“The Parade is a celebration of nationhood, a spectacular event with a display of jets screaming overhead, tanks and marching lines of military forces and also a light show, dancing and music, and fireworks that light up the night sky.
I have been before of course when I was working, a respectable and I should like to think respected principal. But never since retiring and leaving the country. I know there are many people who want so much to attend the parade, many more than the event can accommodate. So it was, in my mind, always to be seen as a privilege to be invited for the ceremony, and not a right. But still, when the government stopped issuing the invitation to me, I somehow took this as a sign of what I had become after retirement, and what the leaders thought or (perhaps worse) did not think of me.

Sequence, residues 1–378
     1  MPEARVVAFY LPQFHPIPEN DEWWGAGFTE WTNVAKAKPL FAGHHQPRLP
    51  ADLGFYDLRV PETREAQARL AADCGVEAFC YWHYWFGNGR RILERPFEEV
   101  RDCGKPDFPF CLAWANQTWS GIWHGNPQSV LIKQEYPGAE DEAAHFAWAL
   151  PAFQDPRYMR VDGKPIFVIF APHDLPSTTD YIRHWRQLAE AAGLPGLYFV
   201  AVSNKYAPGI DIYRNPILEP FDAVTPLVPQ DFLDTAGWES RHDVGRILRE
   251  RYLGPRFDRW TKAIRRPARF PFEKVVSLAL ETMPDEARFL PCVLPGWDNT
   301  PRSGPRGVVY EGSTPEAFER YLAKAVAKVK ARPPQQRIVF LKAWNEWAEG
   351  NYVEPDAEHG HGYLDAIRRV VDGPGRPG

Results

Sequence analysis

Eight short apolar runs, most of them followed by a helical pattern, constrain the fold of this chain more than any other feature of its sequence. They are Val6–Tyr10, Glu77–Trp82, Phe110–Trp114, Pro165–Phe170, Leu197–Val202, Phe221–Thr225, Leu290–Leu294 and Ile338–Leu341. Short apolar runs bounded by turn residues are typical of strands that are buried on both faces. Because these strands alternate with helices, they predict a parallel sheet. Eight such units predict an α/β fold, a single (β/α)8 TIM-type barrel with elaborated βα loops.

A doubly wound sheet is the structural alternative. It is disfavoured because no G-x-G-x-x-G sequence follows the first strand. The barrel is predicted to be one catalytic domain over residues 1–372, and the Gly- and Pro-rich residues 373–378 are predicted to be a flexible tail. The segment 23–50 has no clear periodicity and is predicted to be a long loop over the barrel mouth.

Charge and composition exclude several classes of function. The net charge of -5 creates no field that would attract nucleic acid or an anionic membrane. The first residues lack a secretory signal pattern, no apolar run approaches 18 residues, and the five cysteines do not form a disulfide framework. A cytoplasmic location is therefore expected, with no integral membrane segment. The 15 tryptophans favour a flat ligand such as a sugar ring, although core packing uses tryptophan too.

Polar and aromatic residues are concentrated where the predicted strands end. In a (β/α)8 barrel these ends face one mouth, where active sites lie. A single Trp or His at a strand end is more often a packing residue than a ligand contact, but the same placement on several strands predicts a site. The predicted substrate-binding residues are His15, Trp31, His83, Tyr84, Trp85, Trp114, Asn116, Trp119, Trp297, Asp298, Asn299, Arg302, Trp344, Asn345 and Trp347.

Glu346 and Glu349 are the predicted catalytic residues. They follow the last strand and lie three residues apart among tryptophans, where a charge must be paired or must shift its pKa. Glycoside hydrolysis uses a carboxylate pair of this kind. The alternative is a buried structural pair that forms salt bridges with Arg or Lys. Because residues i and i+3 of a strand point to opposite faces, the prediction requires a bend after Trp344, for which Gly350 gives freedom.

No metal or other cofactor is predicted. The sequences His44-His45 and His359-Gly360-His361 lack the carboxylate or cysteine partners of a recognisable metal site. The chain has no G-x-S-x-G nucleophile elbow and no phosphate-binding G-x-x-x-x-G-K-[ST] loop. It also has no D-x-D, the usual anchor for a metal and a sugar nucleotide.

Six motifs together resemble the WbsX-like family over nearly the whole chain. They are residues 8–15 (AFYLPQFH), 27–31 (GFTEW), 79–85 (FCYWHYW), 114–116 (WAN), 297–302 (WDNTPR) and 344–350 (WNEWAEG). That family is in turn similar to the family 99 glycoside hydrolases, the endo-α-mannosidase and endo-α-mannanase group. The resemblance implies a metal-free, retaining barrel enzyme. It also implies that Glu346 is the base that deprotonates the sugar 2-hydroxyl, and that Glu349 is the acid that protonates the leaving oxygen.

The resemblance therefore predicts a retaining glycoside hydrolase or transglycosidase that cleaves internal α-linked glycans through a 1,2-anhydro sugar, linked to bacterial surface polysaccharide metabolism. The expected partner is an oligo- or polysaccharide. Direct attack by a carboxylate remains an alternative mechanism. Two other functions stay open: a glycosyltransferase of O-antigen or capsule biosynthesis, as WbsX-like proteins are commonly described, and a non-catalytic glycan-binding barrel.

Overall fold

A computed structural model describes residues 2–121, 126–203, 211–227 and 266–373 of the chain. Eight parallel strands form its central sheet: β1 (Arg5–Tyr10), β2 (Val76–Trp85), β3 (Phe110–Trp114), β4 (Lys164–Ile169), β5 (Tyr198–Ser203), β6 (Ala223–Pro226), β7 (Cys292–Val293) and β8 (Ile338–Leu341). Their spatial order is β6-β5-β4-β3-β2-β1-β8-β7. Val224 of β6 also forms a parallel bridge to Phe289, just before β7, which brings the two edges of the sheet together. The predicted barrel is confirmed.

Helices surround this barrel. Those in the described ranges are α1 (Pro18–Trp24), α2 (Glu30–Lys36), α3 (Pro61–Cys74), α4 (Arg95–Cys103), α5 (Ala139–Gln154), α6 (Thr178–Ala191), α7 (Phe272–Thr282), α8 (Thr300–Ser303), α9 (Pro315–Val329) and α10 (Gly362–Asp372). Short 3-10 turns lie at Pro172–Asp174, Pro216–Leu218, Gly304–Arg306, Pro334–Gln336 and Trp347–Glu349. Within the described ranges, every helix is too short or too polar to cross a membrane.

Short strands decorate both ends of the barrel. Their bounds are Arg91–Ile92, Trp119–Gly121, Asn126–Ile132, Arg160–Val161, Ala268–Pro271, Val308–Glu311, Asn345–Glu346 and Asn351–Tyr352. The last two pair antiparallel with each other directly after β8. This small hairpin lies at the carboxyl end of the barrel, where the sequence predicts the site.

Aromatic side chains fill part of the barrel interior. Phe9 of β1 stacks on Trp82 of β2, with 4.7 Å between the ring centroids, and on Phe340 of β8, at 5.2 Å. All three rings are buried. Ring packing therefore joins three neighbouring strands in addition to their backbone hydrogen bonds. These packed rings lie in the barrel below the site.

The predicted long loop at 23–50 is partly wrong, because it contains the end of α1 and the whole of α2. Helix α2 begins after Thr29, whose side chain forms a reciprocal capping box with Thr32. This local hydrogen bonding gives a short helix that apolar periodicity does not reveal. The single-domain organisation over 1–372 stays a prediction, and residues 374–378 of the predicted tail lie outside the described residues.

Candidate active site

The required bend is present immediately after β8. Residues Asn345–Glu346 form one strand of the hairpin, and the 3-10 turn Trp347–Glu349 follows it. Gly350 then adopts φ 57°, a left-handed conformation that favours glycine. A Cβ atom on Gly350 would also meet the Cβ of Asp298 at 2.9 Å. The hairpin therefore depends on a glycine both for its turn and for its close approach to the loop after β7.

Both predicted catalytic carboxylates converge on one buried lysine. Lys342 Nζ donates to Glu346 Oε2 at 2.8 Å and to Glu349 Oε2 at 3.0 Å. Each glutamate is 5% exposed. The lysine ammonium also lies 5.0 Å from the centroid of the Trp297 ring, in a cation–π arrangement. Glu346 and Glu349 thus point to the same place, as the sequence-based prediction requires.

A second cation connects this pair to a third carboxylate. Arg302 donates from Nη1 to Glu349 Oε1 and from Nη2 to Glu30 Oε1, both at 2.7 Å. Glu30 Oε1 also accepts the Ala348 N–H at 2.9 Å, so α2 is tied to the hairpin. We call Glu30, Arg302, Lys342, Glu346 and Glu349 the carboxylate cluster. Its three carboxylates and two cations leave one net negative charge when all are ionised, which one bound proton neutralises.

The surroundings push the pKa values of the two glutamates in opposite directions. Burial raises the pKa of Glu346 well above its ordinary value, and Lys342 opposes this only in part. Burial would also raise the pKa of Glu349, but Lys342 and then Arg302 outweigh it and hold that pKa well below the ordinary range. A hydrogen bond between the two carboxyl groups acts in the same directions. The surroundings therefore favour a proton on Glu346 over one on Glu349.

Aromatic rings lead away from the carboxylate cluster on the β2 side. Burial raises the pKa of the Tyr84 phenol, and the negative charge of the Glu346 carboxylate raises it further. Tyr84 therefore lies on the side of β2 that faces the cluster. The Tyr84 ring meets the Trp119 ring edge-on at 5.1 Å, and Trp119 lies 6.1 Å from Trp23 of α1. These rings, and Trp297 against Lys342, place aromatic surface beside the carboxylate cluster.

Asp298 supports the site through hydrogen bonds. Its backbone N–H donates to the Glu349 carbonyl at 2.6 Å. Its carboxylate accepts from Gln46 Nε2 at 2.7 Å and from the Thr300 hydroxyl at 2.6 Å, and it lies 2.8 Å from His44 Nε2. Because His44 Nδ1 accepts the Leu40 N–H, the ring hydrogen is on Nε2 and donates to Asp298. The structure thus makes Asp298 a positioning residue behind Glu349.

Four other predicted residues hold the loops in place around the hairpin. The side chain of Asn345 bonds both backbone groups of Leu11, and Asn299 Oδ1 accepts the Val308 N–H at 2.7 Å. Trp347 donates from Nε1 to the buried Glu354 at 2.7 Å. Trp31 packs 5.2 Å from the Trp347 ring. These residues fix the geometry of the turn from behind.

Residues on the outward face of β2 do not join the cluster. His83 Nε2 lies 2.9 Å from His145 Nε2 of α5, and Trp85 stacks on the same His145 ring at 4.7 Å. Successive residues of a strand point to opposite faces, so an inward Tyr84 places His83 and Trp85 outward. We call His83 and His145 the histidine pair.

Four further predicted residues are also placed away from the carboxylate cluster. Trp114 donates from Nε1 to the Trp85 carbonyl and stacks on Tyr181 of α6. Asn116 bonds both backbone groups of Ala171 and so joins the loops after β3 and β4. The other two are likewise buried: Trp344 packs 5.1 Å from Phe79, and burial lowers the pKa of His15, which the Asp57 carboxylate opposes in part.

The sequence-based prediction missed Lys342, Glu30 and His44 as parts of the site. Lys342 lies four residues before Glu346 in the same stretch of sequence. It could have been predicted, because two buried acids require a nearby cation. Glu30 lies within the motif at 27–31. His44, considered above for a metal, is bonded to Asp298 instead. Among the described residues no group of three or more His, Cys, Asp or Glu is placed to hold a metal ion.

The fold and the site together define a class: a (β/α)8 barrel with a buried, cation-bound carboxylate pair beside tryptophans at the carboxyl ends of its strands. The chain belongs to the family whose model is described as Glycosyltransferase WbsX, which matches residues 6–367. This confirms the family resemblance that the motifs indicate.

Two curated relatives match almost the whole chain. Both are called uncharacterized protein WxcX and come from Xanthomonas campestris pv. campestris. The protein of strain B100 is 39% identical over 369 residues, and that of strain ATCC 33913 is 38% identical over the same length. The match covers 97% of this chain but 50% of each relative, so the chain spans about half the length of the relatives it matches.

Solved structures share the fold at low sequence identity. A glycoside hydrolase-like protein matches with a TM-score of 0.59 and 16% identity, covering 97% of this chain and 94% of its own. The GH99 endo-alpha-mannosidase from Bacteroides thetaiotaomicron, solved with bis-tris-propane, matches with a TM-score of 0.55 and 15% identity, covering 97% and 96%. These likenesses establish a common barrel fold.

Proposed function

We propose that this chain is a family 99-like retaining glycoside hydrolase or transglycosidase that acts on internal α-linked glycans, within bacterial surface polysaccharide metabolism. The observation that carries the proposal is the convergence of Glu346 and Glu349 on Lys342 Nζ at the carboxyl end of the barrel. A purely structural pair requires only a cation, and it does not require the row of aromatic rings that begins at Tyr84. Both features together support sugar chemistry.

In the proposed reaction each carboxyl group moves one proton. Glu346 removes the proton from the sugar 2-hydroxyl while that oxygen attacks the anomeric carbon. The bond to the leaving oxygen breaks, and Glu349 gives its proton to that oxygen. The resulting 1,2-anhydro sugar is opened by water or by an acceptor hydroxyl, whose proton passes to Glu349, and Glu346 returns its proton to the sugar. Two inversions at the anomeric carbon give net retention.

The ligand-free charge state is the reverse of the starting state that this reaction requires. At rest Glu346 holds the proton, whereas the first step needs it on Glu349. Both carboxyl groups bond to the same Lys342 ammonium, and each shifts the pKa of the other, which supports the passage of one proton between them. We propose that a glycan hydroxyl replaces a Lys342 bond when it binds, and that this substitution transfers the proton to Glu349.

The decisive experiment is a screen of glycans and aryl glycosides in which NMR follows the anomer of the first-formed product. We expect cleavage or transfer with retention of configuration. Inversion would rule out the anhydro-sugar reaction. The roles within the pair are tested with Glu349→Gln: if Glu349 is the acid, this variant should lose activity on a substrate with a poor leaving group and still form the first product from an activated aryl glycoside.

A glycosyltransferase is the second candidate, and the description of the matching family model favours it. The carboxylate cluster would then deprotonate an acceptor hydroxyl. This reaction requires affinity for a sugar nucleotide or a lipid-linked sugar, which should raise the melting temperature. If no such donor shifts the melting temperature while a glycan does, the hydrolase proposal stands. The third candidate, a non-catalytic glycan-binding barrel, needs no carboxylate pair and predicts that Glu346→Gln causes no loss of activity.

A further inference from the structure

What then to make of this invitation, my reinstatement to this national list of privilege? Why am I to be invited? Who decided to include me? What, in the context of my emails and other efforts, might the invitation mean?
I tell Anna and she encourages me to go, although there is no second ticket for her. I do not know what to tell others, especially the people around us, those on our action committee. So I say nothing. I say nothing especially about the fact that this is not just an ordinary seat for the public, but a red sector seat, reserved for VIP guests.”
Extract from the book City of Small Blessings
by Simon Tay
All Rights Reserved
Singapore : Landmark Books, c2000
Call number: SING English TAY
Extract contributed by Tey Hwee Chen
Available at NLB
Title: Walk like a dragon : short stories
by Goh Sin Tub
Call number: SING English GOH
by James Toh
Call number: SING English TOH
Island voices : a collection of short stories from Singapore
Angelia Poon, Sim Wai Chew (ed).
Call no. SING English S823 ISL
Why is an invitation to National Day Parade a privilege? Who do you think deserves to be seated at the VIP seats at the parade?
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